It would be great if we could turn back the clock. Say something we didn’t dare to say when it mattered, avoid making a mistake which had a profound impact on our career, or our relationships, or simply relive the most beautiful moments of our youth again… But we cannot turn back the clock–luckily. And it doesn’t make much sense returning to the past, dwelling on our mistakes. We should look forward, living in the present, working on our future. And yet hiring managers will inquire about many situations from your past. Why do they do it? They try to understand your attitude. In this particular case, they wonder whether you can reflect on your work, admit making a mistake, learn from the situation, and perhaps save what can still be saved.
Let’s have a look at 7 sample answers to the question. I tried to include on my list answers for both people with and without previous working experience, and also a couple of unconventional answers. You should pick one that resonates with the attitude you try to demonstrate in the interviews, and adjust it so it fits your actual experience and makes sense. Do not forget to check also my notes below the answers, for additional hints and explanations.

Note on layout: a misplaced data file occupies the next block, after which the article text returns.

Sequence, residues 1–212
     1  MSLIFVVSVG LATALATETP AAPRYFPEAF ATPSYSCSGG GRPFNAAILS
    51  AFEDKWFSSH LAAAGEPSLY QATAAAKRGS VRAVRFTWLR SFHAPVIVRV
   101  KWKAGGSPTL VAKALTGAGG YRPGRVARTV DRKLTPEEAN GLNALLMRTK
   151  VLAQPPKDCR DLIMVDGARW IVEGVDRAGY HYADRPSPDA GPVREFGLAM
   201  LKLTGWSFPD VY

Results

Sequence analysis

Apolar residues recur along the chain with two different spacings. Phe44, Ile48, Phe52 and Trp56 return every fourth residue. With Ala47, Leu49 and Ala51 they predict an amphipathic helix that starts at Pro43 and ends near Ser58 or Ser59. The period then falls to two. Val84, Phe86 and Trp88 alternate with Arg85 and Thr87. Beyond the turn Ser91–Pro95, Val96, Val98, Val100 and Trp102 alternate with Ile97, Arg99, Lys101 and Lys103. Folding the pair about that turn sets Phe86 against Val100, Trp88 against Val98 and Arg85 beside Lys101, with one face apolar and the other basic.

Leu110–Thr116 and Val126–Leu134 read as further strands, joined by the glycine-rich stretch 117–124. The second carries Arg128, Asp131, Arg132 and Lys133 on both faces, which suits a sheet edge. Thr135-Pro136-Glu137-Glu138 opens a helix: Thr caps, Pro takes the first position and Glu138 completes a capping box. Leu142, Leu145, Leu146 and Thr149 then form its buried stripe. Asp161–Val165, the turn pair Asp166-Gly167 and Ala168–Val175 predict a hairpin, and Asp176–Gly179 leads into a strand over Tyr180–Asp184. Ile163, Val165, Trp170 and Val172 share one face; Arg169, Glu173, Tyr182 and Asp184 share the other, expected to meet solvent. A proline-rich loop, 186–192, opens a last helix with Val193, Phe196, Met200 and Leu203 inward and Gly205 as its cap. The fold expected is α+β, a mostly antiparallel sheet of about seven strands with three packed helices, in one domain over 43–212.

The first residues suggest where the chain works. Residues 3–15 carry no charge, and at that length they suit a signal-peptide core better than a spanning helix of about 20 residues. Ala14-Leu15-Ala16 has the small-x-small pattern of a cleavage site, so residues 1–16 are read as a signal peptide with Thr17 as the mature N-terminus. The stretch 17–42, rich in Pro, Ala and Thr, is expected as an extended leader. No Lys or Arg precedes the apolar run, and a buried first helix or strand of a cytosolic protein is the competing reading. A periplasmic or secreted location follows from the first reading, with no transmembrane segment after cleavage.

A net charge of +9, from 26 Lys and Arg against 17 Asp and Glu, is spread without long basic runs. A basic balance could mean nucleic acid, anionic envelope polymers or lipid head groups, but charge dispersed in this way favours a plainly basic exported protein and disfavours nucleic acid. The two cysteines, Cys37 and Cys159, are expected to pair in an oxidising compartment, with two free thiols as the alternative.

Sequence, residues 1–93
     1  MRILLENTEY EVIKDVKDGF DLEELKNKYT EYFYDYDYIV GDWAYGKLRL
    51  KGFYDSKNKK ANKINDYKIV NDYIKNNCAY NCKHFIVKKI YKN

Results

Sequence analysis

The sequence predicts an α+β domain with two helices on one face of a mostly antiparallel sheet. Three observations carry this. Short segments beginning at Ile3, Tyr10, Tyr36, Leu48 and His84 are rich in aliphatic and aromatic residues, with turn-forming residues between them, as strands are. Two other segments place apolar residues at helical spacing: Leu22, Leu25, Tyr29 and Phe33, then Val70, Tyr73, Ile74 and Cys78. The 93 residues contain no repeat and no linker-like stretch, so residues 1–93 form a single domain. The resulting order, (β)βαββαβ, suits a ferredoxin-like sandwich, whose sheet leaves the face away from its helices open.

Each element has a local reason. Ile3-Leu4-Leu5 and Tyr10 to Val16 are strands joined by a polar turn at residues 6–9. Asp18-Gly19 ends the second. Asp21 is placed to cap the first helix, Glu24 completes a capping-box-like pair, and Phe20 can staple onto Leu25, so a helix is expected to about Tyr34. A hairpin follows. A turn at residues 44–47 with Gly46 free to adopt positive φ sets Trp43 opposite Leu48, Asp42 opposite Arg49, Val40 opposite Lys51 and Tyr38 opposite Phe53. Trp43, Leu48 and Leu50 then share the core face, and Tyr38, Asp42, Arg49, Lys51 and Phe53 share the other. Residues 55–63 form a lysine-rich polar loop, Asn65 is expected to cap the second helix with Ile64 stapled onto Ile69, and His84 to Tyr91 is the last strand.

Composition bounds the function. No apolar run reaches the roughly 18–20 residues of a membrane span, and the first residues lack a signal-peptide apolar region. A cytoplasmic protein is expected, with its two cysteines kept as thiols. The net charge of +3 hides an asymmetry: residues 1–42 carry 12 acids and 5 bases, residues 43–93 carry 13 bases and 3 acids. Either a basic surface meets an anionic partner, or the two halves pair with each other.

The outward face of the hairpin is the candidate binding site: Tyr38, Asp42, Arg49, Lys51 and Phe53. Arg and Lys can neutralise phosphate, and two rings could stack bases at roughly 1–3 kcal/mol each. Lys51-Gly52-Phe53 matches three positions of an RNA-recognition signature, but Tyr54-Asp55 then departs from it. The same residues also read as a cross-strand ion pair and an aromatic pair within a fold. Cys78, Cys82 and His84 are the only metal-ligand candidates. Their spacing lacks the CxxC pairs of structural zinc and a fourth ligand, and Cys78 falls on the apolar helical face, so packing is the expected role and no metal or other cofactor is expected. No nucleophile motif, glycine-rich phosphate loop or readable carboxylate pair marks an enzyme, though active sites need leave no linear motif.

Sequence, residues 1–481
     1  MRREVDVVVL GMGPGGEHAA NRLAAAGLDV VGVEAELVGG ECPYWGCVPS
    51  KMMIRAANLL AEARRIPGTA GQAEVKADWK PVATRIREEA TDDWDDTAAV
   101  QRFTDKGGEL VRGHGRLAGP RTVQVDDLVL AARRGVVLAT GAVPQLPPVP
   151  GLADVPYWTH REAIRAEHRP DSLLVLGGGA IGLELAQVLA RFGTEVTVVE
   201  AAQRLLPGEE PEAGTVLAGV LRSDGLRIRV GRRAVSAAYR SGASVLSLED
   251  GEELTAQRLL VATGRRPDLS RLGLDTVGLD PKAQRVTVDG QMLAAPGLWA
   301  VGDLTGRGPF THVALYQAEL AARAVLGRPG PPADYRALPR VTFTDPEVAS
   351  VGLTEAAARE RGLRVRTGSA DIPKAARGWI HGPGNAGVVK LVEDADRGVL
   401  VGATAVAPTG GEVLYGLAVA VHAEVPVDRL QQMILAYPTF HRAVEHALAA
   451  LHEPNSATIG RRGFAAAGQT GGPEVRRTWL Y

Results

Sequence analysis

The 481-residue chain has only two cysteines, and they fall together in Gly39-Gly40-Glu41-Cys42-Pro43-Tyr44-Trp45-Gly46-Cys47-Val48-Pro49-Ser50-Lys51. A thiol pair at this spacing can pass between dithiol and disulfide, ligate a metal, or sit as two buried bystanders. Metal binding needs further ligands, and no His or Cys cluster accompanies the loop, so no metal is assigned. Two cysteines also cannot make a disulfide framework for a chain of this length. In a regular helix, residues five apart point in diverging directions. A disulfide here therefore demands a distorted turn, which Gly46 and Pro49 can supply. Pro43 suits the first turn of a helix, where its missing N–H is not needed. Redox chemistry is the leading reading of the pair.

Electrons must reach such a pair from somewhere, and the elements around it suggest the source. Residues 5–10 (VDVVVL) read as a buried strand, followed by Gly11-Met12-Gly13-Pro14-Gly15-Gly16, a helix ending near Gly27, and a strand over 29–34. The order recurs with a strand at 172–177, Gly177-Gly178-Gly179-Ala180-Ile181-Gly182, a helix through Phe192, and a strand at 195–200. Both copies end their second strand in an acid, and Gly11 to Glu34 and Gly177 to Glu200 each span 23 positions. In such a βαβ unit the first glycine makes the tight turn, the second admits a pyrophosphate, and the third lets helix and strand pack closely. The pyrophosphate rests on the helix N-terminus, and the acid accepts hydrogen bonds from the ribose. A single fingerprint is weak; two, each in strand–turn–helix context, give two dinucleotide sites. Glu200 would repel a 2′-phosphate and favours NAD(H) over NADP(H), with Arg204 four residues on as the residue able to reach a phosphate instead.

7 sample answers to “Describe a situation when you wished you’d acted differently at work” interview question
- I recall such a situation from my last job, working in a small team of analysts. One of my teammates shared a critical feedback with me. And though I understand the importance of receiving feedback, and typically accept it and try to learn from it, I had a bad day, and reacted inappropriately. I started to shout, called her incompetent, and basically responded with attack. It was terrible from my side, because I knew–and I realized it very quickly, the she had actually tried to help me. But emotions overcame me, I said some bad words, and though I apologized to her later, I could feel that the dynamics in the team changed, and it was never the same again. But I learned from the situation. If something similar happens in my new job, I will be able to control my emotions.